I stayed on them for about 6 months. After we moved I didn’t find a new psychiatrist and let my prescription lapse. Then I left my job and got seriously depressed again. Finally found a new doctor, got a new prescription and things have been good. When I got pregnant I tried to decide whether I’d stay on the meds. After a lot of thought, I looked at our lives and how much was going on in our family and decided that I needed to be stable so I stayed on. And I’m still on them.

    I feel great. And for now that means I leave things just as they are. Maybe it’s situational depression, maybe it’s not, but my family needs me to be able to deal.

  12. I’ve not experienced depression except for a short bout of PPD after my third baby, nor have I taken antidepressants, so on those I can’t speak from experience. But I do know that so many times when I have felt stressed about my life or overworked with the kids and home, having time to myself, a chance to exercise or do something for me does make a difference. That mental break from all the bickering, fighting, “mommy do this”, “I want this”, screaming and so on is such a godsend. Often when my hubby is home long enough, I will have a few things to pick up for the house and will go out with those as my goal, but I always stay longer for some personal shopping or just browsing, just so I can have a longer break. He tells me to get back before the kids wake from their nap, but I know he can handle it if they do and it is good for him to be with them for a while so he can sort of understand what I face daily. 🙂
    I hope this time that you are doing well will last for a long time.

  13. I have not experienced depression myself, but I can relate to what you are saying about wondering when it is going to return. My husband was diagnosed with bipolar disorder three weeks ago and started on medication a week later. I am starting to see changes already, but every day I wake up in dread wondering what today is going to be like. Since the medication hasn’t fully started working yet, we are still seeing pretty significant swings. It is a tough life to live. I’m guessing your depression is much the same. I wish you the best. You are amazing, just for sharing this post and being honest about a subject people want to shy away from.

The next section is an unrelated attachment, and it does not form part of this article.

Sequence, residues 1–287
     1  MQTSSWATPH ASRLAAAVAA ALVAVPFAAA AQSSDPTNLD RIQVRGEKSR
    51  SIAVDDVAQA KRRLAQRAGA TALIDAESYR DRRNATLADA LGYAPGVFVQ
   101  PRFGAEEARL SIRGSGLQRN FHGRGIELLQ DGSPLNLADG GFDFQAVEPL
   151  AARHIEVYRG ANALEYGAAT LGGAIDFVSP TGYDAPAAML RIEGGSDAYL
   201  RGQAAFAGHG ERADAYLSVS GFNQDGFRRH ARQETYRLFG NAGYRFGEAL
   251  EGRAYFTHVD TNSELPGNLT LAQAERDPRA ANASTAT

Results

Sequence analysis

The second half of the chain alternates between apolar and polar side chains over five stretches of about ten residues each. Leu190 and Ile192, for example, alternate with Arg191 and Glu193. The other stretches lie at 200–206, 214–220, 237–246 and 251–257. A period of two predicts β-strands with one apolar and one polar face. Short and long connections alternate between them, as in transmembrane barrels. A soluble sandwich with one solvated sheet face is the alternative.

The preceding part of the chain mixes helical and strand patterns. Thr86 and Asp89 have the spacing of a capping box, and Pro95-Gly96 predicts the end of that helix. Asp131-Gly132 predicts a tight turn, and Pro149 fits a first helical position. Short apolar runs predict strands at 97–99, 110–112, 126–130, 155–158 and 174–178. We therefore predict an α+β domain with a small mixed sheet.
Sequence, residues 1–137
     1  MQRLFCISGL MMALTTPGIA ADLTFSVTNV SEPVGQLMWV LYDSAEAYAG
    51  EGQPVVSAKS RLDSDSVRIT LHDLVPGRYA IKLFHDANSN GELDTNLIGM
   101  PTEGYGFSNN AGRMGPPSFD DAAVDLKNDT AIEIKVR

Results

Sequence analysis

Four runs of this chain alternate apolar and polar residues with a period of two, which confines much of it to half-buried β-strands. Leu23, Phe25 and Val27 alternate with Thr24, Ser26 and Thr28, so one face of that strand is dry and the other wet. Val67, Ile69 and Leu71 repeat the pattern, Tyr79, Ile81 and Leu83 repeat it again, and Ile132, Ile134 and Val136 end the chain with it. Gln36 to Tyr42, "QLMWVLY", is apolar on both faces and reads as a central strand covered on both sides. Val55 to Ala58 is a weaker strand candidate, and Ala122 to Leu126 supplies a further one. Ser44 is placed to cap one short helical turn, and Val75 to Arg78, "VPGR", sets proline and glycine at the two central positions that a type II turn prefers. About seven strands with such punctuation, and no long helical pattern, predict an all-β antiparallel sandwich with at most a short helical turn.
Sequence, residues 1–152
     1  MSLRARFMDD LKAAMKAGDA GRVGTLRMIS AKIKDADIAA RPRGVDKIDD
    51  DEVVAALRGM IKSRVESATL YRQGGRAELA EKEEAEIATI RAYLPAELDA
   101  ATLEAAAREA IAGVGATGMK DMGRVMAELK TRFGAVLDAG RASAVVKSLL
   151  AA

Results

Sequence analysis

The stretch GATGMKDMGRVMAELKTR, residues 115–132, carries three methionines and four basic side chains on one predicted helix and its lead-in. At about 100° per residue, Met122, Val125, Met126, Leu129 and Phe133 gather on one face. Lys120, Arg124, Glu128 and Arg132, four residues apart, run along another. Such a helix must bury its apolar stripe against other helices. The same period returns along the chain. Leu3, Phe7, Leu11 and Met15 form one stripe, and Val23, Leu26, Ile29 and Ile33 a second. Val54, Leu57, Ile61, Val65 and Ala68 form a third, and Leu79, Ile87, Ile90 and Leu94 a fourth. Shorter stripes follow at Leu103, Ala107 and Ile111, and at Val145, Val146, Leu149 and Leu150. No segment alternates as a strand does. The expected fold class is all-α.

14. Pretty impressed with the honest voice and full disclosure here. While I have never struggled with depression, I have loved people who have and they were not as forthcoming. They felt embarrassed and ashamed of their condition which made me feel guilty and unsupportive. This was an insightful, brave piece. Nice job, Erin

    1. Unfortunately our society makes it very hard to be honest about mental illness. It’s hard to be supportive, though, if we, as loved ones, don’t know what’s going on. I wish we could find a way to let people know it’s okay to be this honest. We could all help each other so much more. When my husband was diagnosed with bipolar disorder a couple of weeks ago I felt incredibly guilty for all the things I’ve said over the years that were VERY much less than supportive. I felt extremely guilty, like you say. Please know that your loved ones who suffer don’t try to hide from you intentionally, most likely. They just don’t know HOW to put it all out there. My husband and I are going to family therapy so I can learn how to be a good support, but also so he can learn to lean on someone other than himself. It’s tough work!

  15. Depression is my monster. My black hole. My frenemy. I’ve suffered from severe bouts with depression off and on since I was 23 years old. I’ve had two very, very bad episodes. I’m taking meds and literally forcing myself to “get better” -We both know that getting better is a figment of our imaginations. It’s always with us. Even when it’s dormant. My best advice for you is to surround yourself with friends and family, people who will support you, who understand that sometimes you will go off the deep end for no reason. Find the right medication for you. This is key. While I hate being on them, I know that without them, I cannot function. I hope your bouts are fewer and fewer for you.

  16. Although I’m sure the experts would have a fit, I’ve always used the comparison to diabetes when talking about Mental Health and the need for medication. People understand that diabetes is a real illness that you can’t help. They know that sometimes you have to change your lifestyle to accommodate diabetes. They know that it needs careful management. They know that sometimes you have to take a chemical to get things in balance because nothing else will work. If diabetes’ chemicals sometimes can’t be ‘cured’ by wishing or management or lifestyle then that is so true of Depression. Sometimes you have to give in and take the meds, it’s better to be well and to live a life. Me, I’m meant to take them, but the side effects suck. Stay strong, keep well. 🙂

  17. Thank you for sharing. Isn’t it amazing how when you open up about it, you realize you’re not alone? I am on Lexapro for depression/anxiety. I didn’t realize I was even depressed until after I started taking the meds. I, and others in my life, just thought I was a really stressed out person who had a short fuse. I only went on the Lexapro because I was going through something very difficult in my life. It was meant to get me past the dark spots. But within a week of starting it, I felt an immediate effect! I was like, “hmmm… I think I’ve been depressed for years!” A few times since then I’ve tried going off. But when I do, I find that I’m weepy, I yell at my kids more, I fight with my husband more, and so on.

    It is a scary feeling. I know. But we all have to tell ourselves when we feel that darkness creep in, it will creep back out again soon. It will!